Height of William Campbell (actor, born 1923)
The height of William Campbell (actor, born 1923) is …m.
1. Where did William Campbell (actor, born 1923) come from ?
William Campbell (October 30, 1923 – April 28, 2011) was an actor from the United-States ( ???????? ) who appeared in supporting acts in major movie productions, and also acted in several low-budget B-movies and horror movies.
2. What could we know about William Campbell (actor, born 1923) besides his height ?
Campbell’s movie career began in 1950, with a small part in the John Garfield movie, The Breaking Point. After several years of similar supporting performances in a number of movies, including as a co-pilot in William Wellman’s The High and the Mighty (1954), he won his first starring act in Cell 2455 Death Row (1955), a low-budget prison movie for Columbia Pictures. He played a death row inmate, based loosely on the true story of Caryl Chessman, who staunchly proclaimed his innocence and obtained numerous reprieves over many years until finally being executed. Campbell’s surprisingly powerful performance received generally good notices from critics, but it did very little for his career; his next several acts were again providing support to lead actors, including Man Without a Star (1955), Love Me Tender (1956) in which he became the first person to lip sync portions of a song onscreen (actually recorded on August 24, 1956 by the Ken Darby Trio) with Elvis Presley and the 1958 movie version of Norman Mailer’s The Naked and the Dead.
3. What are the projects of William Campbell (actor, born 1923) ?
In 1958, Campbell co-acted with Paul Birch in Cannonball, a short-lived television series about truck drivers. After that, he toiled for more years in small parts in increasingly lower grade movies.
4. Somme collaborations with William Campbell (actor, born 1923) ?
Campbell made two guest appearances on Perry Mason in 1959 and 1960. In his first appearance he played the title character and murder victim Allen Sheridan in “The Case of the Artful Dodger,” then he played murderer and title character Jim Ferris in “The Case of the Ill-Fated Faker.”
In 1963, Campbell began a brief association with Roger Corman, starring in the director’s The Young Racers that year. The auto-racing-themed movie, written for the screen by Campbell’s brother Robert Wright Campbell, was shot in Ireland. After production was completed, the movie’s sound man, Francis Ford Coppola, talked Corman into allowing Coppola to remain in Ireland with a small crew and direct a low-budget horror movie, to be produced by Corman. Coppola promised it would be the cheapest movie Corman was ever involved in. Shot for approximately $40,000, the resultant movie, Dementia 13 (1963), was an atmospheric and violent horror thriller clearly made in imitation of Psycho. Campbell acted as a moody loner who at one point becomes the chief suspect in a series of gruesome axe killings; Patrick Magee and Luana Anders led the supporting cast. Many years later, Campbell would provide an audio commentary for the movie’s DVD release.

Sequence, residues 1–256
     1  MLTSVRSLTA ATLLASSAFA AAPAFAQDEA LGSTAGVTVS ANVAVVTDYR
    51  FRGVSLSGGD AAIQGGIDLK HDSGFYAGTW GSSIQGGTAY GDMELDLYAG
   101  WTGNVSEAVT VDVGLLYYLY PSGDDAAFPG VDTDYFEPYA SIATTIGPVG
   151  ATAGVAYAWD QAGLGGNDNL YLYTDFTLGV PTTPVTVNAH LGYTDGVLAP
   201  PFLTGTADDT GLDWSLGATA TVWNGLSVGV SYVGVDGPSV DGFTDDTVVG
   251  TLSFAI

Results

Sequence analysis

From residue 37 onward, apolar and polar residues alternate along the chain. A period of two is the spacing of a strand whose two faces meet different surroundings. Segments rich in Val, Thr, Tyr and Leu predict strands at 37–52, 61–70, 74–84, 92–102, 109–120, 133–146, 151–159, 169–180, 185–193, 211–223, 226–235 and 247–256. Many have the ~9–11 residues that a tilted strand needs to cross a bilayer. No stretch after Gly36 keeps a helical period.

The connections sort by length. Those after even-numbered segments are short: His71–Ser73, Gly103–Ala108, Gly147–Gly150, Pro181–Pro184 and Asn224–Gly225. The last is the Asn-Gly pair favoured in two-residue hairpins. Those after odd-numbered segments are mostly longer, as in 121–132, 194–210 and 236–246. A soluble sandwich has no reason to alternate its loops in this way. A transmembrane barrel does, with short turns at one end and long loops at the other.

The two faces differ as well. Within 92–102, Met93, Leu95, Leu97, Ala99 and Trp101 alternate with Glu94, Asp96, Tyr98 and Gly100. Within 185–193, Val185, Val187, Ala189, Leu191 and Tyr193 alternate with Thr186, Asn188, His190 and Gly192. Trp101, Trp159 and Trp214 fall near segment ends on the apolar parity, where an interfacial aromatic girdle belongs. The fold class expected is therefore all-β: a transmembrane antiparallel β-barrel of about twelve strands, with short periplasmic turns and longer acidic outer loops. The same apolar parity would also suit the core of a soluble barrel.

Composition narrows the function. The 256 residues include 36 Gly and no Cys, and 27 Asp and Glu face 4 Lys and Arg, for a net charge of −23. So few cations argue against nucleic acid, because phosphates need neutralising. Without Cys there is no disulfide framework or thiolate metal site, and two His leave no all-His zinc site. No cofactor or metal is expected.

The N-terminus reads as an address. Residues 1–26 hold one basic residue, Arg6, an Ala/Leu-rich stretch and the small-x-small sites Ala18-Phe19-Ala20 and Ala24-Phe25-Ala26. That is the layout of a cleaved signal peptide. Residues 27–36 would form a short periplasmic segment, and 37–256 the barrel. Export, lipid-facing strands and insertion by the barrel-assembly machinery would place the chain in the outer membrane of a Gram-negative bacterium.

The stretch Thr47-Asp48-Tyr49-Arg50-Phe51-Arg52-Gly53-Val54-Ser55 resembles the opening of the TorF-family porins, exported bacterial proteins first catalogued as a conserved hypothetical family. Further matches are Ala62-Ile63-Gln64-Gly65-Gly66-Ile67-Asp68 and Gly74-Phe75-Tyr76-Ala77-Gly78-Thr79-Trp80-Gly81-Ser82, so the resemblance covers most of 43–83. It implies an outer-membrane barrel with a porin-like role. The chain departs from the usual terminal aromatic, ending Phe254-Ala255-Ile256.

Campbell also acted in another Corman-produced horror yarn. Filmed in 1963 in Yugoslavia under the title Operacija Ticijan, again with Magee in the cast, the movie was never released in its original form. It was re-edited, re-dubbed, and briefly shown on television as Portrait in Terror. Years later, additional footage was shot in California, first by Jack Hill, then by Stephanie Rothman, transforming what was once a spy thriller into the story of a vampire stalking the streets of Venice, California. Retitled Blood Bath, although it also became known as Track of the Vampire, the movie received a limited theatrical release in 1966. Campbell also movieed The Secret Invasion in Yugoslavia that was directed by Roger Corman and written by his brother Robert Wright Campbell. Campbell was the only one of the team of commandos not given screen credit above the title.
One year previously in 1965 he landed a supporting act as a reporter in the classic suspense horror; Hush…Hush, Sweet Charlotte. In Blood Bath Campbell’s character was an artist who killed women and hid their bodies inside his sculptures; he is also a vampire who can freely walk during the daylight in search of victims. However, the fanged vampire was confusingly played by another actor who did not resemble Campbell. Like Dementia 13, the movie has managed to develop a following despite its deficiencies. In the early 1990s, Video Watchdog magazine devoted lengthy articles in three separate issues painstakingly detailing the convoluted production history of this strange but fascinating movie.
Campbell had guest starring acts in the Star Trek franchise, appearing first as the mischievous super-being Trelane, in an episode of the original series which name is “The Squire of Gothos”. Campbell also appeared twice as the Klingon Captain Koloth. Campbell first played Koloth on the original Star Trek series in the episode “The Trouble with Tribbles”. He reprised the act on the series Star Trek: Deep Space Nine episode entitled “Blood Oath”, some thirty years later. Campbell appeared at several Trek conventions in the 1980s and 1990s. His last appearance was at the convention organized by Creation Entertainment at the Las Vegas Hilton in August 2006.
Campbell served in the U. S. Navy during World War II on a minesweeper in the Pacific theater.
Campbell was married three times. His first marriage was to Judith Exner in 1952. They divorced in 1958. His second wife was Barbara Bricker. They were married from 1960–1961. He married his third wife, Tereza, in 1962 (although some accounts have them marrying in 1963). They were married until his death.
Campbell died on April 28, 2011, at the Motion Picture & Television Country House and Hospital in Woodland Hills, California.
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